Article  Google Scholar 

  34. Zhu JB, Xiao ML, Zhang YL, Jin Z, Peng ZQ, Liu CP, Chen SL, Ge JJ, Xing W (2016) Metal-organic framework-induced synthesis of ultrasmall encased NiFe nanoparticles coupling with graphene as an efficient oxygen electrode for a rechargeable Zn-Air battery. ACS Catal 6:6335–6342

    Article  Google Scholar 

  35. Zhu QL, Li J, Xu Q (2013) Immobilizing metal nanoparticles to metal-organic frameworks with size and location control for optimizing catalytic performance. J Am Chem Soc 135:10210–10213

    Article  Google Scholar 

  36. Wang N, Sun Q, Bai R, Li X, Guo G, Yu J (2016) In situ confinement of ultrasmall Pd clusters within nanosized silicalite-1 zeolite for highly efficient catalysis of hydrogen generation. J Am Chem Soc 138:7484–7487

    Article  Google Scholar 

  37. Wang C, Wang L, Zhang J, Wang H, Lewis JP, Xiao FS (2016) Product selectivity controlled by zeolite crystals in biomass hydrogenation over a palladium catalyst. J Am Chem Soc 138:7880–7883

    Article  Google Scholar 

  38. Alshehri SM, Almuqati T, Almuqati N, Al-Farraj E, Alhokbany N, Ahamad T (2016) Chitosan based polymer matrix with silver nanoparticles decorated multiwalled carbon nanotubes for catalytic reduction of 4-nitrophenol. Carbohyd Polym 151:135–143

    Article  Google Scholar 

  39. Ji T, Chen L, Schmitz M, Bao FS, Zhu J (2015) Hierarchical macrotube/mesopore carbon decorated with mono-dispersed Ag nanoparticles as a highly active catalyst. Green Chem 17:2515–2523

    Article  Google Scholar 

  40. An X, Long Y, Ni Y (2017) Cellulose nanocrystal/hexadecyltrimethylammonium bromide/silver nanoparticle composite as a catalyst for reduction of 4-nitrophenol. Carbohyd Polym 156:253–258

    Article  Google Scholar 

  41. Liu Y, Zhang Y, Ding H, Xu S, Li M, Kong F, Luo Y, Li G (2013) Self-assembly of noble metallic spherical aggregates from monodisperse nanoparticles: their synthesis and pronounced SERS and catalytic properties. J Mater Chem A 1:3362–3371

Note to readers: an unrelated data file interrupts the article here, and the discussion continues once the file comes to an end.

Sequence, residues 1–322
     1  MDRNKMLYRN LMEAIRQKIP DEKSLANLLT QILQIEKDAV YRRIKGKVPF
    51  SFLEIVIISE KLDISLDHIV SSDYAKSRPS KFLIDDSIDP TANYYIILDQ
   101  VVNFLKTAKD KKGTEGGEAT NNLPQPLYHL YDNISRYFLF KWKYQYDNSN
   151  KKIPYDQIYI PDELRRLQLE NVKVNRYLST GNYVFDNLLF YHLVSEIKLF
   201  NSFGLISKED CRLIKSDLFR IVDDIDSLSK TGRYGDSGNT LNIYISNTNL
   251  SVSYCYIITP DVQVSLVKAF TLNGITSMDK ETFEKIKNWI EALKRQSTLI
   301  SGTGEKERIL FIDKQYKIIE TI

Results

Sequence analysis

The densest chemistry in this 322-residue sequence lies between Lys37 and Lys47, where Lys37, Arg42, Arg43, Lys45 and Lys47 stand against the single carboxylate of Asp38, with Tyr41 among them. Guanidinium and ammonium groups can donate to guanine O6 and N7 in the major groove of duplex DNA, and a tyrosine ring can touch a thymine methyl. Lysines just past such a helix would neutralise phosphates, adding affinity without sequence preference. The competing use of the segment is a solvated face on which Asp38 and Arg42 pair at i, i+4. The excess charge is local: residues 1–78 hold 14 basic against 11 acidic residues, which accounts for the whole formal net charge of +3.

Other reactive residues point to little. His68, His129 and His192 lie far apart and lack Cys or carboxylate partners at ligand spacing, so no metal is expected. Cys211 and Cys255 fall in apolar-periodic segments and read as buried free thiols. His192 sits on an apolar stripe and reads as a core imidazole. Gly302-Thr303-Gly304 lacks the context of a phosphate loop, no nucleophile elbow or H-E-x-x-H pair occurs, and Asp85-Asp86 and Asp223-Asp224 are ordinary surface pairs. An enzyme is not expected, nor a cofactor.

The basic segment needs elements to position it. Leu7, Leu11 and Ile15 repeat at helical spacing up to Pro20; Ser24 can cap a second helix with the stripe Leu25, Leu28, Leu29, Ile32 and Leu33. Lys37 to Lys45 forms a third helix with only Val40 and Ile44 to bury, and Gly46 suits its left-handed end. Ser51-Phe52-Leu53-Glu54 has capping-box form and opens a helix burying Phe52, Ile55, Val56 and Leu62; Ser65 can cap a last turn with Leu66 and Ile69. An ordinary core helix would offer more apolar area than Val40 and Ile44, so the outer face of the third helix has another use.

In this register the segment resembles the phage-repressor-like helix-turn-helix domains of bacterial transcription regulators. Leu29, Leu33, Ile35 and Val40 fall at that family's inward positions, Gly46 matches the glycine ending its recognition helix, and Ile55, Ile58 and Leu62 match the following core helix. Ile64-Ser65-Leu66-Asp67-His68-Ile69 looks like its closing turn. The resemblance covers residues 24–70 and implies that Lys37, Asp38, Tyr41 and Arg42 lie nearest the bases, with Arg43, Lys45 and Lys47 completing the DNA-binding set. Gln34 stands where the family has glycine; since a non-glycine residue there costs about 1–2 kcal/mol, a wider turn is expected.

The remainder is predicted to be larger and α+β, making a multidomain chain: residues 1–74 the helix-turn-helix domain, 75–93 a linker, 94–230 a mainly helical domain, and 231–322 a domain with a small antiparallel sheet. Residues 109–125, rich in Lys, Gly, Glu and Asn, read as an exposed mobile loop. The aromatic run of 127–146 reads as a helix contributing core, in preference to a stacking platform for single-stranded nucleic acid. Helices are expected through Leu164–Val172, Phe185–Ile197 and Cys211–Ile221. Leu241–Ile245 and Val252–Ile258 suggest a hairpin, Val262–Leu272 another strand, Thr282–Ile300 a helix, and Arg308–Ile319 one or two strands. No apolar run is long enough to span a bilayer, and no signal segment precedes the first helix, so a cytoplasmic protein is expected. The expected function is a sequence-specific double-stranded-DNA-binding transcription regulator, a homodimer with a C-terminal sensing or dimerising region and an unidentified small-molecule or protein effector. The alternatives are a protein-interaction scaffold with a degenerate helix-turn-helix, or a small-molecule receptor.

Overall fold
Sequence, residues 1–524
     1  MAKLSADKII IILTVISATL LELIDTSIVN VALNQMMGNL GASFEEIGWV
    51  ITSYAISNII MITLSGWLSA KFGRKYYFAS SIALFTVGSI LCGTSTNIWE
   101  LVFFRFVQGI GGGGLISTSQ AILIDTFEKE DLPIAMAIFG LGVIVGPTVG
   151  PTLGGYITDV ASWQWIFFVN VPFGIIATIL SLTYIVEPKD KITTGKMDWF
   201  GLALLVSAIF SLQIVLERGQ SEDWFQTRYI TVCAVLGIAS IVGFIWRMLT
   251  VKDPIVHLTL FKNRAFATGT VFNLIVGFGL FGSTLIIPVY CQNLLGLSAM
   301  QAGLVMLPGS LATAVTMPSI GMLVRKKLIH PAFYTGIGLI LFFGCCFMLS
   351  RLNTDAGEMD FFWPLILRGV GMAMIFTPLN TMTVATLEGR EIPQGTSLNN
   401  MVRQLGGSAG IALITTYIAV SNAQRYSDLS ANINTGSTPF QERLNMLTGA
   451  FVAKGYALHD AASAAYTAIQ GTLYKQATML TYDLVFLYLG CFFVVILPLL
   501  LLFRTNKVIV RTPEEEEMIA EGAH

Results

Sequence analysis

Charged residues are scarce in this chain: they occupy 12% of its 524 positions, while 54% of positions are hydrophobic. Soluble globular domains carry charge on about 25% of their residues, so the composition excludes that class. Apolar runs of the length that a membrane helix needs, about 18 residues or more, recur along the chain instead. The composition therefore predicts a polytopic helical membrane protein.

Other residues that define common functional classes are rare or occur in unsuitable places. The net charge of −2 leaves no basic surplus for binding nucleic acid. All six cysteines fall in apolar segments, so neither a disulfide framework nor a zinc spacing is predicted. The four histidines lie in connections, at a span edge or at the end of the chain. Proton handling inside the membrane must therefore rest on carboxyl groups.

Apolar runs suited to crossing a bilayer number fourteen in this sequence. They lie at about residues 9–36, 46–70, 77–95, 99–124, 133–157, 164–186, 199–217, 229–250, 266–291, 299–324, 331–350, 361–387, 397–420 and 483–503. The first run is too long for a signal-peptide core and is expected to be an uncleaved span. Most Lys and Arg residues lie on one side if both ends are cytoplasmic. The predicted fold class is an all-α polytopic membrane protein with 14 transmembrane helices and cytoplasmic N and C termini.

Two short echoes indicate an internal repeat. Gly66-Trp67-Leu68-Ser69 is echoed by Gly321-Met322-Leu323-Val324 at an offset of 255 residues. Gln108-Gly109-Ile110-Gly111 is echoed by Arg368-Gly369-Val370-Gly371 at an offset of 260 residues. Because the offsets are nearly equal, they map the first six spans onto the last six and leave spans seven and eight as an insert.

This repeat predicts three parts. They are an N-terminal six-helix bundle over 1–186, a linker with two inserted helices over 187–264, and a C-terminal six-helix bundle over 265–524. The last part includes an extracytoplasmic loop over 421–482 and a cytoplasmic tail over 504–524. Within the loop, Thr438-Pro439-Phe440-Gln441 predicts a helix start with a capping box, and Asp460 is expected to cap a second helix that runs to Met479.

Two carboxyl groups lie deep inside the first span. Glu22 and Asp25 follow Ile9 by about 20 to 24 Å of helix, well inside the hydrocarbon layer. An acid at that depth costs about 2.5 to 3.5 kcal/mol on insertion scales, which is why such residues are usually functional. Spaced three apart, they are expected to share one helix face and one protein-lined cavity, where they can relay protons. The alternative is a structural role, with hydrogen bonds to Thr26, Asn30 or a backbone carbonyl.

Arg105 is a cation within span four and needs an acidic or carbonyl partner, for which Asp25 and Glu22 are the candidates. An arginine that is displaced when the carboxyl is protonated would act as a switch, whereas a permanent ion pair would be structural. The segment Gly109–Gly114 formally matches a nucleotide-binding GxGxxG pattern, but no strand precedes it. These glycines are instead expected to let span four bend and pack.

Article  Google Scholar 

  42. Zhang P, Shao C, Zhang Z, Zhang M, Mu J, Guo Z, Liu Y (2011) In situ assembly of well-dispersed Ag nanoparticles (Ag NPs) on electronspun carbon nanofibers (CNFs) for catalytic reduction of 4-nitrophenol. Nanoscale 3:3357–3363

    Article  Google Scholar 

  43. Cao E, Duan W, Wang F, Wang A, Zheng Y (2017) Natural cellulose fiber derived hollow-tubular-orented polydopamine: in-situ formation of Ag nanoparticles for reduction of 4-nitrophenol. Carbohyd Polym 158:44–50

    Article  Google Scholar 

  44. Zhang W, Sun Y, Zhang L (2015) In situ synthesis of monodisperse silver nanoparticles on sulfhydryl-functionalized poly(glycidyl methacrylate) microspheres for catalytic reduction of 4-nitrophenol. Ind Eng Chem Res 54:6480–6488

    Article  Google Scholar 

  45. Das R, Ghosh S, Naskar MK (2018) Metallic Cu NPs confined in hollow silicalite-1: excellent catalytic efficiency in p-nitrophenol reduction. New J Chem 42:476–482

    Article  Google Scholar 

Download references


This work was supported by the financial support from the Youth Foundation of Shanxi Medical University in China (No. 02201312) and the Natural Science Foundation of Shanxi Province (No. 2015011024).

Availability of Data and Materials

All data are fully available without restriction.

Author information

Authors and Affiliations



BW carried out the overall experiment and wrote the manuscript. HJW participated in the preparation of the samples. FWZ participated in supervising this study and revising the manuscript. TJS provided the guidance and assistance for the whole work. All authors read and approved the final manuscript.

Corresponding authors

Correspondence to Fengwei Zhang or Tijian Sun.

Ethics declarations

Competing Interests

The authors declare that they have no competing interests.

Publisher’s Note

Springer Nature remains neutral with regard to jurisdictional claims in published maps and institutional affiliations.

Rights and permissions

Open Access This article is distributed under the terms of the Creative Commons Attribution 4.0 International License (, which permits unrestricted use, distribution, and reproduction in any medium, provided you give appropriate credit to the original author(s) and the source, provide a link to the Creative Commons license, and indicate if changes were made.

Reprints and Permissions

About this article

Verify currency and authenticity via CrossMark

Cite this article

Wang, B., Wang, H., Zhang, F. et al. Preparation of Hierarchical Porous Silicalite-1 Encapsulated Ag NPs and Its Catalytic Performance for 4-Nitrophenol Reduction. Nanoscale Res Lett 13, 174 (2018).

Download citation

  • Received:

  • Accepted:

  • Published:

  • DOI:


  • Hierarchical porous silicalite-1
  • In situ encapsulation
  • Silver nanoparticles
  • 4-nitrophenol
  • Hydrogenation